If you’ve been out for a walk in the woods lately, you may have heard woodpeckers drumming. We have just entered the main drum period for many species, which typically occurs between February and June. Continue reading Eastern Ontario Woodpecker Drums
Today (3 February 2018) Brenda Evers observed a RTHA x RSHA along Howe Island Ferry Rd. On 23 November 2016, Andrew Keaveney observed what appears to be the same hybrid 1 km W of Howe Island Rd., along Highway 2.
Both photos are the copyright of Brenda Evers.
The Ottawa area is home to five regularly breeding species of owls, and, come early March most species are from roadsides. From dense stands of cedars rimming swamps to homogeneous stands of conifers, find out where and when to listen for your favourite species of owl here in the Nation’s Capital. Continue reading Where and when to hear a “Hoot” in the Nation’s Capital
From our superb meal at Wilno Tavern last night to our finchy and wonderful birding day today, I must say that this trip felt more like a vacation than it did work! Continue reading Algonquin Provincial Park
Active birders throughout southern Canada and the northern states are likely going to come across heavily-marked light morph Red-tailed Hawks. Red-tailed Hawks in the east show a great deal of minor variation to their plumage, and at no time is this more appreciated/noticed than it is during the winter months. Continue reading “Northern” Red-tailed Hawk ID in the East, a note
We were spoiled rotten with an exceptional gull study at the Pembroke dump today (15 November 2017). Birders must sign in at the front gate but are free afterwards to study gulls at close range within the facility grounds. Continue reading Gulls at the Pembroke Dump
When Snow Buntings first arrive in eastern and southern Ontario, say, typically the third to fourth week of October, they are often found foraging along rocky shorelines. Continue reading Some notes on Snow Buntings
The following warbler graphs are organized from early season to late season. Note that many species share the same peak dates (mid to late August). Continue reading Fall Warbler Migration Guide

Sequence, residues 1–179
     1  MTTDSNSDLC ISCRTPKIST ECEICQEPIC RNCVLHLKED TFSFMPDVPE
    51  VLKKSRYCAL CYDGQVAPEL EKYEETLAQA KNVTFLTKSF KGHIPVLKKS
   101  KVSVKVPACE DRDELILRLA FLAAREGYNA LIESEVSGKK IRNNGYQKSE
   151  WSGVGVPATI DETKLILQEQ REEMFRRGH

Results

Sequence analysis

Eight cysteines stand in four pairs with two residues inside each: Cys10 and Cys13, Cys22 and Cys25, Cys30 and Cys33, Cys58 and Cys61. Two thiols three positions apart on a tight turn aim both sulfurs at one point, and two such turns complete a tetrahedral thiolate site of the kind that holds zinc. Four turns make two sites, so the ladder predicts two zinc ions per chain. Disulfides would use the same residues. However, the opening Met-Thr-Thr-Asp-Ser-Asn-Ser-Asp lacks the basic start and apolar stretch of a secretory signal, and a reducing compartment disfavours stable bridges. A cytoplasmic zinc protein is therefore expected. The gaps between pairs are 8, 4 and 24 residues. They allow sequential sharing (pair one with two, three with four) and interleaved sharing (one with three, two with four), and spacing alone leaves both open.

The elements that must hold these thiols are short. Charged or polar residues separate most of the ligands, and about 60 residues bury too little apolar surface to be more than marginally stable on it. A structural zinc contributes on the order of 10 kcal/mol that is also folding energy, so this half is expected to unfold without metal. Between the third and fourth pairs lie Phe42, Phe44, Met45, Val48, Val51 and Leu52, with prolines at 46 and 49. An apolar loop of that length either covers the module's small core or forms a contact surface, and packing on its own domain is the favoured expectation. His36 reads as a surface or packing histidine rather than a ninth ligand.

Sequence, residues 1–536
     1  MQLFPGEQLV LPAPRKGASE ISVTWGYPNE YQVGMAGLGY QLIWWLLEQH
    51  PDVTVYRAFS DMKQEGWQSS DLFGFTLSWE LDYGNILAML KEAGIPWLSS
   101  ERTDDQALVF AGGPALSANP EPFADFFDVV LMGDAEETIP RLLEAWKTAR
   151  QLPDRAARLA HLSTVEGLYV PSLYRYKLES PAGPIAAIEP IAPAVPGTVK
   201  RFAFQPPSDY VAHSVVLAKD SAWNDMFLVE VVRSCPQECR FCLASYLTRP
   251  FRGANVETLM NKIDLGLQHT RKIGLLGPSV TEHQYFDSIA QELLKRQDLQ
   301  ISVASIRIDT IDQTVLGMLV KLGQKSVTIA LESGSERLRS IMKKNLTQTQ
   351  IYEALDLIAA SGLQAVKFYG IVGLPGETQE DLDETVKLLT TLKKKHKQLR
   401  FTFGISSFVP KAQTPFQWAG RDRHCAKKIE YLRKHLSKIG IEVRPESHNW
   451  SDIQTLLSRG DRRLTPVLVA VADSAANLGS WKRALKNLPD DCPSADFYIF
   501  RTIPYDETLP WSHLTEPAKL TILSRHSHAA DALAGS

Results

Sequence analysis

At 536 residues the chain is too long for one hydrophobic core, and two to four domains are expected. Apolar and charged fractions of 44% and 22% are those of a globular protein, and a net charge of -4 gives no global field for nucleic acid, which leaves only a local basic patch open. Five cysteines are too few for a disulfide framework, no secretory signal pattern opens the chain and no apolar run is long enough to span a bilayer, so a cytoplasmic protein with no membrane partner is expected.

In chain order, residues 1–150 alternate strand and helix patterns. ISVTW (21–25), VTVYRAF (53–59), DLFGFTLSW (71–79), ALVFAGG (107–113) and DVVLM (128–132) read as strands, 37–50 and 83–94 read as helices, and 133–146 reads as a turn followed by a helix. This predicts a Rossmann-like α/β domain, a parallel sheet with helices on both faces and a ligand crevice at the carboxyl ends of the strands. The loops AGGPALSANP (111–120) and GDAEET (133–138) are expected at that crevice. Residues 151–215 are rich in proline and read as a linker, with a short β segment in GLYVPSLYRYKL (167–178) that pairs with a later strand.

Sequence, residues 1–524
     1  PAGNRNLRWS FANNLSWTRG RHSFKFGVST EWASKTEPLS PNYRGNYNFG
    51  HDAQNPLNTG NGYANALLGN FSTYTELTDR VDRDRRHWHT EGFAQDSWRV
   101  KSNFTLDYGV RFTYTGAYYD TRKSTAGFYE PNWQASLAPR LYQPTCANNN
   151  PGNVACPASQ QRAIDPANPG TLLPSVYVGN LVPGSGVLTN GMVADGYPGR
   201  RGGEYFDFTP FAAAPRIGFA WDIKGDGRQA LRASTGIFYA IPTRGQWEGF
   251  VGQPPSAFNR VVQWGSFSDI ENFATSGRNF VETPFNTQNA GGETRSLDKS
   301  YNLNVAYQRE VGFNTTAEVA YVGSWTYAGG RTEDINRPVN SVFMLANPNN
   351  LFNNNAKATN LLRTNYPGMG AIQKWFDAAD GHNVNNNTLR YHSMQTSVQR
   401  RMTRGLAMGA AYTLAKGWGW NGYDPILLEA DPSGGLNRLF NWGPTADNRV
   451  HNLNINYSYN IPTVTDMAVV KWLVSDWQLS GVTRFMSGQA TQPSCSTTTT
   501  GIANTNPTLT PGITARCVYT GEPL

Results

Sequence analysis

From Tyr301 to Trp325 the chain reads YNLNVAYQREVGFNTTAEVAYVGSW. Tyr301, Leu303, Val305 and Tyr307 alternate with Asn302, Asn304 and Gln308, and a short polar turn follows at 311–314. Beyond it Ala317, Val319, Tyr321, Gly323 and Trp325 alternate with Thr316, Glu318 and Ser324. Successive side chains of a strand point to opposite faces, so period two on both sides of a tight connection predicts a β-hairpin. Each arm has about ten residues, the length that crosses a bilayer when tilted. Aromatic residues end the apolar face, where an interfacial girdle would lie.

Yesterday (24 August 2017) I had my best ever shorebirding day in eastern ON. Our group tallied an amazing 15 species of shorebird! The water level has receded approximately a ft. since 8 August, leaving behind plum shorebird habitat from Beach 1 all the way through to Beach 3. Continue reading Shorebirding BLISS at Presqu’ile Provincial Park
Scenario: a small bird flushes up from a scrubby area. It pauses out in the open for a few seconds. You raise your bins and madly work the focus knob to try and get the bird in focus. Within a few seconds, it flies a short distance, lands, then disappears into thick cover. Your identification is ‘unknown species.’ A field blunder, especially problematic in bush-birding scenarios: forgetting to pre-focus by preparing your binoculars for focus at close range.
Pre-focusing is a skill that is learned by becoming familiar with the extent and range of your focus knob. You can even practice this while on the couch! The key is learning to adjust the focus without looking through the binoculars. You don’t have to get the focus exact by any means; getting somewhere relatively close to the ideal focus is the key. For bush-birding, I find the best starting point for my Nikon Monarch 5s is about 1/5th of the way between close focus maximum and infinity. This way, if a bird pops up about 20-30 feet in front of you, the focus “sweet spot” is quick to find. Pre-focusing equals less time spent fiddling with the focus knob and more time identifying the birds in the field.